Content Marketing is evolving into an era of hyper-personalisation
One of the more advanced pieces of advice we tend to give to people looking to improve their content marketing is to make better use of personalisation. It's easy to see why. If you can target people will content that is far more likely to appeal to them based on what they're interested it, then they're far more likely to engage with that content, spend longer on the site and once you've hooked them in you can set about trying to convert.
It's a simple narrative based on simple logic. But does it hold up to rigorous analysis? When we're A/B testing various different types of messaging on Smart Insights, it's not always the one that you'd logically think should work best that ends up performing optimally. The best way to find out the answer is to test, test and then test again. To help us test our hypothesis that personalised content performs better, Demand Metric have just released a new study on the effectiveness of content personalisation which means we can analyse some hard data on the subject, crunch some numbers and show exactly what difference personalisation makes to your content marketing efforts. The graphs don't lie.
The survey by Demand Metric collected responses from 190 businesses. The majority of these businesses happened to be B2B organisations, but they spanned a large range of industries. The companies were also of all different sizes. About 1/5th had revenue of over $1 billion annual, whilst 1/3 had less than $10 million in revenue.
First of all, it is useful to look at what these businesses expect to be doing with content personalization in future. Of the businesses in the survey, 75% reported that they were seeing revenue growing year on year, whilst only 11% reported any kind of decline in revenue. So generally speaking the intentions of these companies represent the plans of successful companies which are reaping the benefits of content marketing and digital transformation more broadly. The study asked the businesses how they intended on using personalisation in the next year, and the results were almost unanimous.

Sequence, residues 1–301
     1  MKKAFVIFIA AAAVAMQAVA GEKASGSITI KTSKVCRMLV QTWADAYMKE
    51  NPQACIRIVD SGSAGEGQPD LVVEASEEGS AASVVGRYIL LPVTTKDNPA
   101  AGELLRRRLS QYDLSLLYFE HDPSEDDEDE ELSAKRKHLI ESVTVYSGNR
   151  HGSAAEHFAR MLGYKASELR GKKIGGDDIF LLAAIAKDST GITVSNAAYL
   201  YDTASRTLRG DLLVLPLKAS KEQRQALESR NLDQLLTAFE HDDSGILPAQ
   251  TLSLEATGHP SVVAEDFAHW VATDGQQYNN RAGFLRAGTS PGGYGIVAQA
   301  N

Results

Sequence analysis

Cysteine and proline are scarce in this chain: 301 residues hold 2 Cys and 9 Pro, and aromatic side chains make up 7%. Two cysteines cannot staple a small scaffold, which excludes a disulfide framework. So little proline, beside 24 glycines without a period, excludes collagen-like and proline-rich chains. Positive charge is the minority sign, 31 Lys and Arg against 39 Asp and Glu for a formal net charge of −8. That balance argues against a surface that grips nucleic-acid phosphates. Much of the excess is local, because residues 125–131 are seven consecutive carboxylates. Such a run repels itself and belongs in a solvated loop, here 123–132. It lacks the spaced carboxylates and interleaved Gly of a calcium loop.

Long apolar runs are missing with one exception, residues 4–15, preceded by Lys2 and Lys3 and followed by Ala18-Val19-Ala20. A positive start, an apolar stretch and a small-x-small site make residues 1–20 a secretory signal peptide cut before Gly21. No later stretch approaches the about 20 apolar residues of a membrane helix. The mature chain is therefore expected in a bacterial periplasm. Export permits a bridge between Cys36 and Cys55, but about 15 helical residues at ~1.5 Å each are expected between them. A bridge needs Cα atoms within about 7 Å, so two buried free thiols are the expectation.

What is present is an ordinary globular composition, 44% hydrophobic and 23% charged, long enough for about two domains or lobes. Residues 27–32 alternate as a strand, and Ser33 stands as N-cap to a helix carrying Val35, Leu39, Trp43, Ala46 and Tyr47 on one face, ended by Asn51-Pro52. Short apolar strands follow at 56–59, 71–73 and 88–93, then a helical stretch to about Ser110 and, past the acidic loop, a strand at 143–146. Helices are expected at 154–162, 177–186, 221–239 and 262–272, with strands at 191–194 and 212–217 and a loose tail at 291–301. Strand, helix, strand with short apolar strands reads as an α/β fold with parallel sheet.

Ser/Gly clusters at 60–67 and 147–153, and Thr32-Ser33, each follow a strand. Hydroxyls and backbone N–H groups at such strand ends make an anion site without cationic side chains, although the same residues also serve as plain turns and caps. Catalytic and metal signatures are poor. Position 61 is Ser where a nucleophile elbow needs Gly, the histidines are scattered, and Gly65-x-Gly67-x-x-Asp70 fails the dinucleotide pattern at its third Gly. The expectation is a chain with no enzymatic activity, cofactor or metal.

A whopping three-quarters said they were planning on increasing their use of personalisation, whilst a paltry 2% said they were planning a decrease. It would be interesting to see how these intentions correlate with companies revenue growth.
Current state of personalisation
It is clear from the graph before that the vast majority of marketers are at least starting to use some form of personalisation with their content marketing efforts.
But the key question is not are marketers using personalisation, but how effective is said personalisation? It turns out that the logic is indeed backed up by the data. Not a single respondent thought personalised content was much less effective than the non-personalised variety.
Fully 4/5ths of the respondents found personalised content to be at least somewhat more effective. A testament to the power of personalisation, and great news for anyone who's been investing in personalisation capabilities.
What's preventing further personalisation?
If personalisation is so effective, it begs the question why aren't move marketers utilising it? The answer seems to lie in the twin problems of technology and resources. Many of these companies by benefit from looking at buying some content personalisation software. There are now a wide range of providers and solutions which work almost straight out of the box, rather than requiring complicated implementations.
For people struggling to understand the different options for content personalisation, we have a free guide which takes you through the pros and cons of 150+ different pieces of marketing software, which has a detailed section on content personalisation tools.
Automation is underused
Of all the graphs in the report, this was actually the most surprising. Content personalisation is extremely time-consuming if not automated, so it was shocking that 27% were doing it entirely manually, and 40% were only using a little automation.
There are plenty of software solutions to automate at least some aspects of content personalisation, so there isn't really any reason to be doing everything manually. I think with a couple more years this graph will be inverted, with only a few laggards still doing things entirely manually, and the majority will have the process mostly automated.
If you want more insights into content personalisation from the Demand Metrics report, you can download it here. You'll have to give some details to access it though.